4. Maureen Knorr
    | Reply

    Hi Diane,
    I am so sorry your son had that experince. I can’t imagine how hard that has been on you and him. And thank you so much for sharing your story. The more patients and caregivers share, the more attention and research we will get. If we keep sharing our stories, I believe one day we will know the risks of flying with epilepsy.
    Again, thank you for sharing.

  5. Isabel Poncia
    | Reply


    I used to have Benign Rolandic Epilepsy when I was younger but have been meds free for 15 years now and seizure free. However I will be going to la paz in Bolivia in a week and just wondered if there will be a chance I could still have a seizure becuase of altitude with having a history of this type of epilepsy? Also if I have been siezure free for this long am I still considered to even have epilepsy or have I grown out of it?

    • Jessica Keenan Smith
      | Reply

      I would recommend that you talk to your doctor. He/She would be the best person to ask.

      Thanks for you note.

  6. Martin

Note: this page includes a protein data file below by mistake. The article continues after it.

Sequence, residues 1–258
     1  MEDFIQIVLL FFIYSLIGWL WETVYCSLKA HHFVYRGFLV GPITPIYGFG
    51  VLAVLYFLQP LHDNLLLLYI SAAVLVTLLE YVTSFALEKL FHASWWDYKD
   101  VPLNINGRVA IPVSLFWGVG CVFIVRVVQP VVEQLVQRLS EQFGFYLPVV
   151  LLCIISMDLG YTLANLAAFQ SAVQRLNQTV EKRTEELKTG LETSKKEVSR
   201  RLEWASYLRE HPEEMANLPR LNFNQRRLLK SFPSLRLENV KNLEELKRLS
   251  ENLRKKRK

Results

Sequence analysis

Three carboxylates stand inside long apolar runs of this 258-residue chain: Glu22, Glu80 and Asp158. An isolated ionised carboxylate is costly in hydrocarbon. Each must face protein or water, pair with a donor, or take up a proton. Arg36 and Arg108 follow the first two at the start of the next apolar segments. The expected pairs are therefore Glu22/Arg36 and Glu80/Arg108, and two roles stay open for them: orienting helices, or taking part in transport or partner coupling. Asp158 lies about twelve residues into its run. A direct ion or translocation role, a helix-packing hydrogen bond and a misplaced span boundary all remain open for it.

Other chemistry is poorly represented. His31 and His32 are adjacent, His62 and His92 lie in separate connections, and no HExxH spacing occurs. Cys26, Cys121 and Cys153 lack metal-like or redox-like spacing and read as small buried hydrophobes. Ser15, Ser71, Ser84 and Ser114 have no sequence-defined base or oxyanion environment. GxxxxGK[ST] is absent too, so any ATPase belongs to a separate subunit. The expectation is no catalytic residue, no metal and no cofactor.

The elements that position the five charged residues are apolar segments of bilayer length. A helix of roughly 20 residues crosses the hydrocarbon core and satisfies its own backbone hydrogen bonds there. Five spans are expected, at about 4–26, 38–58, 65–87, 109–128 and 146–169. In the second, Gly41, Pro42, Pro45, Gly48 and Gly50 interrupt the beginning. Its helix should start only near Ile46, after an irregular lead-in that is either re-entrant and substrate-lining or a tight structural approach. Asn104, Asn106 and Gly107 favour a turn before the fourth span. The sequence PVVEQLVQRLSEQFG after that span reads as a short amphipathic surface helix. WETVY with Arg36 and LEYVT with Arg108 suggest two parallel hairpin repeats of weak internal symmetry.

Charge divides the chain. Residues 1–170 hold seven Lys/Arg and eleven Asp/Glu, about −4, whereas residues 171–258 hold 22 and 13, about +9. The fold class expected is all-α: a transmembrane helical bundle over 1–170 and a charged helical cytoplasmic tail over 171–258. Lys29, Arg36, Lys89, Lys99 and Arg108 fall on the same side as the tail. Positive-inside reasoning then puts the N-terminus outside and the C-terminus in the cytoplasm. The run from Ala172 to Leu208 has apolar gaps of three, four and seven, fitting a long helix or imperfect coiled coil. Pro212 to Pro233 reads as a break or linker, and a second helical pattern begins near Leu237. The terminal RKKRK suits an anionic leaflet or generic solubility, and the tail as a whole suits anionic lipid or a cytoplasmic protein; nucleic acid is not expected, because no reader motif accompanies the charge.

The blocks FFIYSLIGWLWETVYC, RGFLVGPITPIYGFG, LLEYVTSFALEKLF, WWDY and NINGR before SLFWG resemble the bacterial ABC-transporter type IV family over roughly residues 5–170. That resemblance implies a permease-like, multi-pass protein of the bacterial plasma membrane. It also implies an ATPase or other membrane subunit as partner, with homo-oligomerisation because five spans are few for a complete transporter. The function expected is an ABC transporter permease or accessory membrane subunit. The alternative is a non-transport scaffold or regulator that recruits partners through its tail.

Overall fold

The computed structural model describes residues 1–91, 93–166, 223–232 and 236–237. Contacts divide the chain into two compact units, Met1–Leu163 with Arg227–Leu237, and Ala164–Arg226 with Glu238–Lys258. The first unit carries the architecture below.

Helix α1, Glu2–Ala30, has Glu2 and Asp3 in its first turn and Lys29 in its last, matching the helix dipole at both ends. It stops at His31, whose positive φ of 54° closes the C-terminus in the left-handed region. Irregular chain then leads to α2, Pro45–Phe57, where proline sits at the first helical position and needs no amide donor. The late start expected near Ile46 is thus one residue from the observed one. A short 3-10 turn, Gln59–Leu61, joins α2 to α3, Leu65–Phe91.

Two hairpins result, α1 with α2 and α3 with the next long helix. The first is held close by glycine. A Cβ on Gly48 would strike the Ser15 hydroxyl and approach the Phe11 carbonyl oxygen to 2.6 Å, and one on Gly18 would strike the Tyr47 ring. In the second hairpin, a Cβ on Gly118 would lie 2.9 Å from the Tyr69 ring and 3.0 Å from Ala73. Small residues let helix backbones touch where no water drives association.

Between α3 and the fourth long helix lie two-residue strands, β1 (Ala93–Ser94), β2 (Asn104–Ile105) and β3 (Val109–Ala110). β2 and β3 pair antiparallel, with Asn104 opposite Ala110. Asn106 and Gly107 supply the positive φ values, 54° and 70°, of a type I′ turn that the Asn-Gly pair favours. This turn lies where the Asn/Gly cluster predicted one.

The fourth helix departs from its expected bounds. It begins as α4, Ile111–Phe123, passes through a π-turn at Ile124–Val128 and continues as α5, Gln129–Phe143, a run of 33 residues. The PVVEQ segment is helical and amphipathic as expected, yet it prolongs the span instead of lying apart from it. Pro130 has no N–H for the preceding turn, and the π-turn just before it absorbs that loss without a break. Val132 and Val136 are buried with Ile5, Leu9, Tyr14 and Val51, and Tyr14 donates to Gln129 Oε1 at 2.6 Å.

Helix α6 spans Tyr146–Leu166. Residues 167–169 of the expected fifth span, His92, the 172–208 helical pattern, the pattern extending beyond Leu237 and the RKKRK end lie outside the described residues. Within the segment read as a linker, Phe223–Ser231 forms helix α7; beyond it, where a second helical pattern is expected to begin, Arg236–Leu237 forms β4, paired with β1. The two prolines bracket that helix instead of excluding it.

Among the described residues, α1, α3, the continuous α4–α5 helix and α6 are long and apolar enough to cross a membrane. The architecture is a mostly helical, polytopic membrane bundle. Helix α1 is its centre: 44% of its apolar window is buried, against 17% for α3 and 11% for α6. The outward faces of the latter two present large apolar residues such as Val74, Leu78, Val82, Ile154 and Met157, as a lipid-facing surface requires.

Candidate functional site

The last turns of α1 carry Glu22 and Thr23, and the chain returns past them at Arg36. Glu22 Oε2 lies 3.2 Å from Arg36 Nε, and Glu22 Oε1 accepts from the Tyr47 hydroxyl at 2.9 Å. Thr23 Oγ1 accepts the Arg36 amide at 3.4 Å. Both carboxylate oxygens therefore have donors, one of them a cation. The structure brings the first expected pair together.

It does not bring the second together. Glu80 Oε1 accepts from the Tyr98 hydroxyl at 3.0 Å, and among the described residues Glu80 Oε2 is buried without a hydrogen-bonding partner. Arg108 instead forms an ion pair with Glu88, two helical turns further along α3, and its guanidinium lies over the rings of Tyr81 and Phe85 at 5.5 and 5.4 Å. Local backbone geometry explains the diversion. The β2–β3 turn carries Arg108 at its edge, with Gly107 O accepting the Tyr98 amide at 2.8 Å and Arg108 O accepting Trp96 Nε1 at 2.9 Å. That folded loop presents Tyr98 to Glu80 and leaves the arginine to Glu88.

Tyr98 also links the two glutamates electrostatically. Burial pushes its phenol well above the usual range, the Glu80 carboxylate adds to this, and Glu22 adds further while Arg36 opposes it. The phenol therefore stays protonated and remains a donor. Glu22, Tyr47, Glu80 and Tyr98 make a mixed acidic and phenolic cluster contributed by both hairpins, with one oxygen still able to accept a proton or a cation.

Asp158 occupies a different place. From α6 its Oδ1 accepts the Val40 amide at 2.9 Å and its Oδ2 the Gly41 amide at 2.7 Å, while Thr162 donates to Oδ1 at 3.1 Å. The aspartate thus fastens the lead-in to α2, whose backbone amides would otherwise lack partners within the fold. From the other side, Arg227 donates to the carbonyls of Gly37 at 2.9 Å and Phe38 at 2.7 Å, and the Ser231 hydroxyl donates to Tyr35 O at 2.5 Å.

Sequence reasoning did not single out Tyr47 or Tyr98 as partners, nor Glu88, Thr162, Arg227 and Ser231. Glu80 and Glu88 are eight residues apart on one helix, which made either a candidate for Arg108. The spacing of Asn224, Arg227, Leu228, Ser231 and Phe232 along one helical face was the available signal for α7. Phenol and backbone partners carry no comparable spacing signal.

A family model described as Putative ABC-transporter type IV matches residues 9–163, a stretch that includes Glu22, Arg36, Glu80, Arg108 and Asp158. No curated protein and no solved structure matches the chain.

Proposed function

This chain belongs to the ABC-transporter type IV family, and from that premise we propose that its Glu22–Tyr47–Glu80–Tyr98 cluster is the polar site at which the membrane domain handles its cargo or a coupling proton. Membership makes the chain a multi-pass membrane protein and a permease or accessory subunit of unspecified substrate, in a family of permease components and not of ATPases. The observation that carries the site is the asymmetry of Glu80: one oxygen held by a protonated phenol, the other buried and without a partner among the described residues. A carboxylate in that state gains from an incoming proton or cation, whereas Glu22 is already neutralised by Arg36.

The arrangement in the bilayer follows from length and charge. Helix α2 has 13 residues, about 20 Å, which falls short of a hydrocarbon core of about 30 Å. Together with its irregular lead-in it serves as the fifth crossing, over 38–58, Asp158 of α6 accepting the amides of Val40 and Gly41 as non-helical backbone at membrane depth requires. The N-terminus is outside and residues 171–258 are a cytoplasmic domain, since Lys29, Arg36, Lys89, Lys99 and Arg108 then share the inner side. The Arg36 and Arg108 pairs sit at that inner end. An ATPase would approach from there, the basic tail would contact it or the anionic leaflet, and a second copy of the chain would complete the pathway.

| Reply

    I had a nocturnal seizure about 10 days after a trip to Australia for less than 2 days. I spent more time travelling then I did in Australia! I had no history of epilepsy. A CT scan done after I got to the ED was normal, but an MRI a few days later showed a small subdural hematoma. Subsequent scans showed that it cleared up within a month and a cerebral angio study was normal. I had 2 further nocturnal seizures and am now on lamotrigine. I have had a lot of stress in the last few years and suffer from parasomnia so I wonder whether all of these factors and the flights caused my epilepsy. It has been life changing for me and my family but we have supported each other and keep going.

    • Jessica Keenan Smith
      | Reply

      I recommend you talk to your doctor. If you are not already seeing one, you may want to seek out a neurologist that specializes in epilepsy.

  7. Michelle
    | Reply

    I put off flying for years because of the fear of it triggering seizures. Finally flew across country last September and had a great vacation! Had a couple focal seizures during vacation, but nothing more than usual.

  8. Andi
    | Reply

    Years ago I would have said no. I could fly no problems did it many times. However, October after flying had one the next day. Really think that one was stress related. Originally had a straight through flight that got cancelled so had to change planes. Wound up missing the connection so sux hour delay. Then had one after the flight home from Hawaii 9 1/2 hours. Doctor thinks jet lag and stress again.